ACDs can do well with children and other animals, but only if they are socialized properly from puppyhood. They are playful, but if they weren’t raised around children they may play a little too rough at times.

They are a very loyal breed and as such take their job as protectors of the family very seriously. Because of this, ACDs can be aggressive towards anything they perceive to be a threat. This includes people or animals that are not part of the family.

They are sometimes referred to as “Velcro” dogs because they love being in close proximity to their people. When we say close proximity, what we really mean is sitting on your foot or in your lap if possible.

7. There Is an ACD in the Guinness Book of World Records

Bluey, the ACD, earned a spot in the Guinness Book of World Records by living for a very long time. This dog was a legitimate Australian Cattle Dog that spent almost 20 years of his life working cattle on a ranch in Australia.

We know that most dogs wouldn’t have the energy to work so hard that long. But Bluey just kept going and going. He finally passed peacefully on November 14, 1939, at the ripe old age of 29 years and 5 months.

Do YOU Have What It Takes?

Australian Cattle Dogs are incredibly smart and loyal dogs, but they won’t do well in just any home. You should understand what you’re getting into before you buy or adopt an ACD. Make sure you can handle their prowess and give them lots of space to work off their energy.

The flip side is that once an ACD adopts you, you will have a loyal friend for life. The bond between an Australian Cattle Dog and their person is something sweet and strong that few have the honor to experience.

A freelance writer originally from the United States, I now live in Costa Rica with my husband, daughter, and our Australian Cattle Dog, Tazky. Any chance we get we're going on an adventure in the rainforest and Tazky is the constant companion and self-declared protector of our little girl. I’ve had dogs my whole life and am so happy that my little girl will grow up with such an awesome buddy.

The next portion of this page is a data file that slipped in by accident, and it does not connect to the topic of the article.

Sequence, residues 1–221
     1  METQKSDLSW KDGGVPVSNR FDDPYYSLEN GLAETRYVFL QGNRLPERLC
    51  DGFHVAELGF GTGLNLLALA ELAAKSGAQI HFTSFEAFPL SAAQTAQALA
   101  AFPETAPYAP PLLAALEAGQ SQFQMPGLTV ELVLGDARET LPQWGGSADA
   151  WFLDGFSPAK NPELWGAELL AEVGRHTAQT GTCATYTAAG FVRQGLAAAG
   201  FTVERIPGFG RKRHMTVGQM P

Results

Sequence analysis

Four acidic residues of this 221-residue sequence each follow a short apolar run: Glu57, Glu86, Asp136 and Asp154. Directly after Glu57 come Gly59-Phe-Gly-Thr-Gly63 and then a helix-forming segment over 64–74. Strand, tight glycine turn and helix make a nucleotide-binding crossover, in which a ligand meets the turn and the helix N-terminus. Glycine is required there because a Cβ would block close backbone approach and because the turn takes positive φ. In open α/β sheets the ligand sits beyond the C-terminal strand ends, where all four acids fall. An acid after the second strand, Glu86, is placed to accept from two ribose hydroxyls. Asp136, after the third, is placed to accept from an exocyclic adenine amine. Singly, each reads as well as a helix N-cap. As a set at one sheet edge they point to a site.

1. Joe Davidoff Reply

    Hi Cara!! I am one of those lucky people! My ACD is named Bondi for my favorite place in Australia! She is the best friend ever!!! I can’t tell you how amazingly smart and curious she is! Its literally like having a child!! I love her so so much!!
    Thanks for your insight and story maybe we can trade pics of our babies!!

  2. Johnny Kelley Reply

    We have our second blue heeler.yes they are one of MT favorite breeds.they can be very stubborn.But they make up for it in many other ways.we are a older couple,and didn’t think about introducing her to young children.we have no grand children.we go to park almost every day to walk and interreact with other people.she got trapped in the entrance with a little girl once.she didn’t bite ,so I have hope that she will get better with time.she is fine until one comes running towards her,then she backs up and barks.i think she is scared of little ones.but all in all she is a good girl.minds really good now.3 yrs old.

  3. Jann van’t Spyker Reply

    A cultural note. Australians don’t have ranches. They have farms, properties or stations. And these can vary from a few hundred acres to many hundreds of square miles in size.
    These dogs are mostly known as Blue Heelers in Australia – for their habit of nipping the heels of uncooperative cattle – and along with the Australia Kelpie and Border Collie are the backbone of many sheep and cattle properties. These dogs work under instruction, but can also be left to work independently because of their inbred desire to herd and their great intelligence to understand what their handler wants them to do.